House Speaker Nancy Pelosi (D-CA) continues to struggle in her efforts to keep her party’s establishment and progressive factions united.
Now, a group of moderate House Democrats has threatened a revolt if Pelosi refuses to hold a vote on the bipartisan infrastructure bill passed in the Senate earlier this week.
“The same path as the Senate”
According to Just the News, the development poses a major problem for the speaker since progressives have signaled that they intend to vote down the bipartisan bill unless a pork-filled $3.5 trillion budget resolution package is given a vote first.
Pelosi had planned on stalling a vote on the smaller infrastructure bill until the costlier legislation, which Senate Democrats hope to push through with a simple majority vote, is finally ready for a vote in the House.
Such partisan gamesmanship appears to be unacceptable to at least nine moderates led by Rep. Josh Gottheimer (D-NJ), who sent a letter to Pelosi on Friday in which they confirmed that they would not vote for the budget resolution until the infrastructure bill passes.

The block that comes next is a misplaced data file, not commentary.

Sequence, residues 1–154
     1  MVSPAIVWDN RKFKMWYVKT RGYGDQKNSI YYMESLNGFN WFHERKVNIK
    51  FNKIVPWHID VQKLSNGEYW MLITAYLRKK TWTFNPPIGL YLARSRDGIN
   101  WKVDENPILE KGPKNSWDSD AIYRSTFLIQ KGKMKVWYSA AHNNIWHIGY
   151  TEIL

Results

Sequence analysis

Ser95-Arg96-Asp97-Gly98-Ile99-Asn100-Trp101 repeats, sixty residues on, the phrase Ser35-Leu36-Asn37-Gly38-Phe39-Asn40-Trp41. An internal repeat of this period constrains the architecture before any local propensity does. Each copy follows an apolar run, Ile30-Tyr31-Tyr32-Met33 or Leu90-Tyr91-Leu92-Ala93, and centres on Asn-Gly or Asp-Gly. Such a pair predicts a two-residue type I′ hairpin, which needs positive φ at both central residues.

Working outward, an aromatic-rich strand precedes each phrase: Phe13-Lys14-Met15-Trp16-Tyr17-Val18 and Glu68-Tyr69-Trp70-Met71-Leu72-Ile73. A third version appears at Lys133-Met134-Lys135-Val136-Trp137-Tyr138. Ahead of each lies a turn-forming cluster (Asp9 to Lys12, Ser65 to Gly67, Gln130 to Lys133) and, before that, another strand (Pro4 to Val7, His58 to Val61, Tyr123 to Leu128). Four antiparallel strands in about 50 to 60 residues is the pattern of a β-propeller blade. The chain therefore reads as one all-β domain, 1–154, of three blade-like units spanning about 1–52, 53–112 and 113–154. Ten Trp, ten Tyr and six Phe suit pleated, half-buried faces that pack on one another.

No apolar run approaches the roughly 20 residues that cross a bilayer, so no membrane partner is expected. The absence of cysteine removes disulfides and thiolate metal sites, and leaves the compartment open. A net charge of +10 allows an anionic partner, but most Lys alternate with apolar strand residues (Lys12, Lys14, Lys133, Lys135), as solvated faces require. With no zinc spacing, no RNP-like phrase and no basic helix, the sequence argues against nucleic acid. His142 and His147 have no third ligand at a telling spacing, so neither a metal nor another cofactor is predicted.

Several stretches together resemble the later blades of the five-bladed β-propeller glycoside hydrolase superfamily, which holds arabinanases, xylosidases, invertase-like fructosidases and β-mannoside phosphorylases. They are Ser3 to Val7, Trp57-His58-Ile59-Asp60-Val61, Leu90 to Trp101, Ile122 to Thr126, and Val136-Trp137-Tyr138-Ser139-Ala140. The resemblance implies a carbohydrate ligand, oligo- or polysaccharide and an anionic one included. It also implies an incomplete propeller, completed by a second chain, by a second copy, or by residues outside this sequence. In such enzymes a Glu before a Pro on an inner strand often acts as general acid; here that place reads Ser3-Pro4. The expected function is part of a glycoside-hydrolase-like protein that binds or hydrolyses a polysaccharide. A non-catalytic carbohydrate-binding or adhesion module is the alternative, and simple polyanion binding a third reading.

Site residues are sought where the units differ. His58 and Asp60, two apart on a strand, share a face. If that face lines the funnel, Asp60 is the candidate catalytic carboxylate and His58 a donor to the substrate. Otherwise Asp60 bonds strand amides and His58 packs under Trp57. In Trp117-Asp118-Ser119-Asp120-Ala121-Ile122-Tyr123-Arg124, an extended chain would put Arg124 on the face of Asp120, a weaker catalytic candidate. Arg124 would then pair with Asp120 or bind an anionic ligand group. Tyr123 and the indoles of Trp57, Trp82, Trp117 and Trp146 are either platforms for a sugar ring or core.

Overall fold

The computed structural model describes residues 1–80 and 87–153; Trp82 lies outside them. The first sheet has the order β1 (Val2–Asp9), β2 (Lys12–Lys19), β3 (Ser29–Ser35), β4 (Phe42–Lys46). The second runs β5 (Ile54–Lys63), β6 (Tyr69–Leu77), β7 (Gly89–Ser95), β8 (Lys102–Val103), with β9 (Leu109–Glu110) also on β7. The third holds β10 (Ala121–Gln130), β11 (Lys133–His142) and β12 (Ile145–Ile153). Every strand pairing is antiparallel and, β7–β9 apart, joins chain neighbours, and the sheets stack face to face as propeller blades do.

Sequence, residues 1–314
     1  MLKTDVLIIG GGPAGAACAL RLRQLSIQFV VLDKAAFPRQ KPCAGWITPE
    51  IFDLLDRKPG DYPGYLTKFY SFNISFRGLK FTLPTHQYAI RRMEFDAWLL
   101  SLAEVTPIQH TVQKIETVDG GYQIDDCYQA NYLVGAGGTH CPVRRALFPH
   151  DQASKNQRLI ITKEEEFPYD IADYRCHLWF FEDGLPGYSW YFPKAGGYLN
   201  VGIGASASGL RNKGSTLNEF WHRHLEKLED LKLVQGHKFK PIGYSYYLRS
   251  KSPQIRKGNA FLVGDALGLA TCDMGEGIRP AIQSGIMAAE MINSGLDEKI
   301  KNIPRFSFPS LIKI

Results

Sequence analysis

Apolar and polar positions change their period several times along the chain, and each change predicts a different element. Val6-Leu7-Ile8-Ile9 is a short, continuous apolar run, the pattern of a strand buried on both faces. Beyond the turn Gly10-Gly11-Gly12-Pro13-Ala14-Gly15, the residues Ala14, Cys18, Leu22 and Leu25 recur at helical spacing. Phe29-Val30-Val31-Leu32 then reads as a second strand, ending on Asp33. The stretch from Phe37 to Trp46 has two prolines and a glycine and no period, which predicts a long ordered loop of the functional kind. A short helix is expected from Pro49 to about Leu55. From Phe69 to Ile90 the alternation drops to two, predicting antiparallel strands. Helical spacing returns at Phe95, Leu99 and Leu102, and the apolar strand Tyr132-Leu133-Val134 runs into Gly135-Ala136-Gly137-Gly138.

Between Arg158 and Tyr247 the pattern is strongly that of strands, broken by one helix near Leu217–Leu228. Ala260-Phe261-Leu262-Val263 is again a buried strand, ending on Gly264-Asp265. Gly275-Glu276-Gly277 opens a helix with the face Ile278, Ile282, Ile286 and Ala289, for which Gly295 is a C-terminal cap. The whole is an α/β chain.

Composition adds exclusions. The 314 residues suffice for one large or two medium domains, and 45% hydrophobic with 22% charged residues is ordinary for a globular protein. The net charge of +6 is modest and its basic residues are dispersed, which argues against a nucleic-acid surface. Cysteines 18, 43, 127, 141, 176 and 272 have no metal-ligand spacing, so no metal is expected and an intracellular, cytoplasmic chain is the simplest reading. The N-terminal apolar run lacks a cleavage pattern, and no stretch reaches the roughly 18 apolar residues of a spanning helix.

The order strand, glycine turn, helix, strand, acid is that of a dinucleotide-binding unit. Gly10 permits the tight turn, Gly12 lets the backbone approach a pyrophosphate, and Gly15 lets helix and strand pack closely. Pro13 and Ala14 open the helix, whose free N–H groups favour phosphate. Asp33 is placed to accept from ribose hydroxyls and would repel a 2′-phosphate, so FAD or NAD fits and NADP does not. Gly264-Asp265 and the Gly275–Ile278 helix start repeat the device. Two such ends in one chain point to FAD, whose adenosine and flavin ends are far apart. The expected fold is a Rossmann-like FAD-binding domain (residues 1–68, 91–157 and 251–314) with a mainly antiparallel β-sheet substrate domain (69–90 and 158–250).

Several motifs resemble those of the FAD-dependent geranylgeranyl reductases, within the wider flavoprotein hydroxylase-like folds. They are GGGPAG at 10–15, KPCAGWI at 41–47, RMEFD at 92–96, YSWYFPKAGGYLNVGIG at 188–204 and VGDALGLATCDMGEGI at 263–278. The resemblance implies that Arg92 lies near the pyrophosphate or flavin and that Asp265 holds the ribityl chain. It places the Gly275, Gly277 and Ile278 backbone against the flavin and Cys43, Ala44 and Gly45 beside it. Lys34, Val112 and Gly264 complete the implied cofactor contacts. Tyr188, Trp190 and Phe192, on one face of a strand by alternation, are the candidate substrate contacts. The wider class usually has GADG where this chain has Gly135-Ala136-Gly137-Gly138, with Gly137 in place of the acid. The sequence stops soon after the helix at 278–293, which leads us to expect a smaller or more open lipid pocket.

“We urge our House colleagues to follow the same path as the Senate: vote first on the bipartisan Infrastructure Investment and Jobs Act and then consider the budget resolution,” the group of moderates wrote.
The letter went on to express a fundamental disagreement with those who advocate for postponing the infrastructure bill until after the budget reconciliation process.
“Time to get shovels in the ground”
“With the livelihoods of hardworking American families at stake, we simply can’t afford months of unnecessary delays and risk squandering this once-in-a-century, bipartisan infrastructure package,” the lawmakers asserted. “It’s time to get shovels in the ground and people to work.”
As a result, the group of moderates concluded: “We will not consider voting for a budget resolution until the bipartisan Infrastructure Investment and Jobs Act passes the House and is signed into law.”
Given the slim majority that Democrats currently have in the House, the loss of nine moderate members would be enough to scuttle Pelosi’s entire maneuver.
Of course, if Pelosi gives into the moderates’ demand to hold a vote on the infrastructure bill first, she risks losing the support of progressives in pursuit of the smaller bipartisan deal.
Meanwhile, House Republicans are largely unified in opposition to both of the expensive bills — and they can now sit back and watch as Democratic infighting threatens to disrupt Pelosi’s plans.